# How To Use CEIL In Oracle SQL

## July 29, 2021 | ## Oracle DBA |

This tutorial is based on examples so it would be easier to understand. Oracle Ceil function allows to round a number up and the Ceil function removes all numbers after the decimal place and returns an integer. The syntax of Oracle Ceil is:

CEIL (<number>);

The following Oracle Ceil example has input value “**11.11111**” and it will round up the number to “**12**“. The Ceil function always removes all numbers after the decimal place.

SELECT CEIL (11.11111) FROM dual;

When the values on left of the decimal point are all zeros then Oracle Ceil returns equal integer value as the same number being integer. The next example turns “**11.00**” to “**11**“.

SELECT CEIL (11.00) FROM dual;

The Ceil function will round up even the smallest fraction of the number and in this case the input number is “**11.00000001**” and no any other rounding function beside Ceil will return number “**12**” from it.

SELECT CEIL (11.00000001) FROM dual;

The third example’s value “**11.9999999**” will become “**12**” even with the Oracle Round function and the example demonstrates that there is no exceptions in Oracle Ceil.

SELECT CEIL (11.9999999) FROM dual;

This example is about how to round up using Oracle Ceil with **keeping the decimal places** in number. First we do know Ceil returns only an integer value, so we need to move decimal place to a lower position before applying function Ceil. The following example we would like to keep **3 numbers after a decimal point** and we will multiply the input number “**11.11111**” with “**1000**“.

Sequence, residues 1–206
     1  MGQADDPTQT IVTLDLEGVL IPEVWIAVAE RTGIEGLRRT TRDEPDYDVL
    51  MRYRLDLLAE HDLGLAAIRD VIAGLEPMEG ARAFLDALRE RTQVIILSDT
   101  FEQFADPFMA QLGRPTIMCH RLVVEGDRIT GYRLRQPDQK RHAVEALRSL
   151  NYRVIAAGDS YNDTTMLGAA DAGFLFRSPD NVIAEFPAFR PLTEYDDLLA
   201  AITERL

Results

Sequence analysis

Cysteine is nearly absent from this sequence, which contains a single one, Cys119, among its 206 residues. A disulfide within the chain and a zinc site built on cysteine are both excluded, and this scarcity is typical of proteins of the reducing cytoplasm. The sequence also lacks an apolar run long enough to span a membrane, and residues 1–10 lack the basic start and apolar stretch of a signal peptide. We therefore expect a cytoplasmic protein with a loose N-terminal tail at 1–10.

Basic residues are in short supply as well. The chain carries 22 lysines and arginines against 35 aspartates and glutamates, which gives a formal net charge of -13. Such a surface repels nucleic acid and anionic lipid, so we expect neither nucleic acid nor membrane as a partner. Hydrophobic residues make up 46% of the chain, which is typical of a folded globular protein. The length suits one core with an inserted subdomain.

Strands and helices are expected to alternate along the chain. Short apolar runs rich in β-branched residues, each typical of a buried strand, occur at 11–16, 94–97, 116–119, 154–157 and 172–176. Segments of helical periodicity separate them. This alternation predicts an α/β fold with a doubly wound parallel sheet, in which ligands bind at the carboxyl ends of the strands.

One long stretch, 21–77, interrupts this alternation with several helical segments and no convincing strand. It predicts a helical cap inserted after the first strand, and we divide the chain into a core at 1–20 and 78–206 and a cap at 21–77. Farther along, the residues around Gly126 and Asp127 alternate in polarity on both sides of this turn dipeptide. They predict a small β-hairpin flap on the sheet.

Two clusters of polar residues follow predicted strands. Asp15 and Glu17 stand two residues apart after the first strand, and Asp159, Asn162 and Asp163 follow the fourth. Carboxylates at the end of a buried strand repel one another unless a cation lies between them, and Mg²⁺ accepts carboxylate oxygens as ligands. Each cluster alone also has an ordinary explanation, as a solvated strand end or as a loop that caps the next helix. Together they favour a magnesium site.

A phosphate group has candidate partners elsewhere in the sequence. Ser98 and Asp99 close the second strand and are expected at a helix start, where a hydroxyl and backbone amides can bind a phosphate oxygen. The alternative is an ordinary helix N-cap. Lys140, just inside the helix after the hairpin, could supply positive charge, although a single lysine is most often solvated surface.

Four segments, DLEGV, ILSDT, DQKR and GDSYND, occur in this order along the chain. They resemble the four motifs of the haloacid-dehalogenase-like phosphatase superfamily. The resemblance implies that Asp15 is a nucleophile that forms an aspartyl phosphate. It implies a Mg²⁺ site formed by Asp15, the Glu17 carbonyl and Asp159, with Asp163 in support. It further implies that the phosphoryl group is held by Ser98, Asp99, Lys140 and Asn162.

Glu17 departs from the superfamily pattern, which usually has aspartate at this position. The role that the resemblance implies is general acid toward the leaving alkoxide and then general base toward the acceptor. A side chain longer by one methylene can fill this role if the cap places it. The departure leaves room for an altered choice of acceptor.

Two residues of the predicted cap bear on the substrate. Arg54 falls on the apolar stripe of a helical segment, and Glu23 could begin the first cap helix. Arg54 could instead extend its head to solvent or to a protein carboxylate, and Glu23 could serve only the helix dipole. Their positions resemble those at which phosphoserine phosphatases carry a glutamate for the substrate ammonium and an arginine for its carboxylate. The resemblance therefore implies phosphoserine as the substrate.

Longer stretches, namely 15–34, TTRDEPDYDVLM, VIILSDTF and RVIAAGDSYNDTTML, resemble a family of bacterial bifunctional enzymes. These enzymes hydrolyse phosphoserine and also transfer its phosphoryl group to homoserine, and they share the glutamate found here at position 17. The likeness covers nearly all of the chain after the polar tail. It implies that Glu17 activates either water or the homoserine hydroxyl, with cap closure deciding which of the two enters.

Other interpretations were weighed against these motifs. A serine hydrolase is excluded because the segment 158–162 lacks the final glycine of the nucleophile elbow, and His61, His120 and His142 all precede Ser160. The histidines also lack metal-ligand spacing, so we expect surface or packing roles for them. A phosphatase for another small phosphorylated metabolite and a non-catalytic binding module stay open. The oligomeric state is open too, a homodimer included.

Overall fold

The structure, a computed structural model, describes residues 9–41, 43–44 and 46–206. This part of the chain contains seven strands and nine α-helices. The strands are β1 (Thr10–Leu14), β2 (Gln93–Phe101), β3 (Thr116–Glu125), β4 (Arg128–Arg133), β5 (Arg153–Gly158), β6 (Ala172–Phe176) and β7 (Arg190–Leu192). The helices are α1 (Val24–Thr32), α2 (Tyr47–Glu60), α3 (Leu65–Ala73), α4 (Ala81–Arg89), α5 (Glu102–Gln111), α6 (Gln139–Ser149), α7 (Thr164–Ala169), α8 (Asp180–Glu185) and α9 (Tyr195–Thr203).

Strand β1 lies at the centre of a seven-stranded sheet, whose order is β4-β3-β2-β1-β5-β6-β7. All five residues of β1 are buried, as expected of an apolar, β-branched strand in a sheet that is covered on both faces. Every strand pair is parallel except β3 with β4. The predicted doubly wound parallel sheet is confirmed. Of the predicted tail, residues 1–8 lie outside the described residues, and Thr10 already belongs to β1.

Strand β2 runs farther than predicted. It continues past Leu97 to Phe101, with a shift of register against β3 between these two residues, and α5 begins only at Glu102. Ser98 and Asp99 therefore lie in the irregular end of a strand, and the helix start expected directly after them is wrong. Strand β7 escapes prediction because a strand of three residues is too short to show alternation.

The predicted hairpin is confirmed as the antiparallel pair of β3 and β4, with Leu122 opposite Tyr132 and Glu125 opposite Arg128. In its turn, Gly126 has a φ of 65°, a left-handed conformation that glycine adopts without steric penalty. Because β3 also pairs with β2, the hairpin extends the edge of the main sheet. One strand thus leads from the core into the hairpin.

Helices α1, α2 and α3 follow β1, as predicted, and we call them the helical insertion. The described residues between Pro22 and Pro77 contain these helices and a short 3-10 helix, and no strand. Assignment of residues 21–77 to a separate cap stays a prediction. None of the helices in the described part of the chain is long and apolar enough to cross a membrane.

SELECT 11.11111 * 1000 FROM dual;

Now the number has become “**11111.11**” and it is time to apply Oracle Ceil on it.

SELECT CEIL (11111.11) FROM dual;

To get the numbers after decimal point back we need to divide the last integer (**11112**) with “**1000**“.

SELECT 11112 / 1000 FROM dual;

The example above is a workaround to do round up and to keep the decimal places. The output on the last example **cannot be achieved using Oracle Round** because as it does not round up. Take a look at the following example.

SELECT ROUND(11.11111,3) FROM dual;

As you see on the output it didn’t become **11.112** instead it is **11.111**.

To round up or down numbers take a look at the links below. To round down and to receive an integer value use Oracle Floor or Oracle Trunc and to normal rounding use Oracle Round function.

**See Also:**

Oracle Select Oracle Round Oracle Trunc Home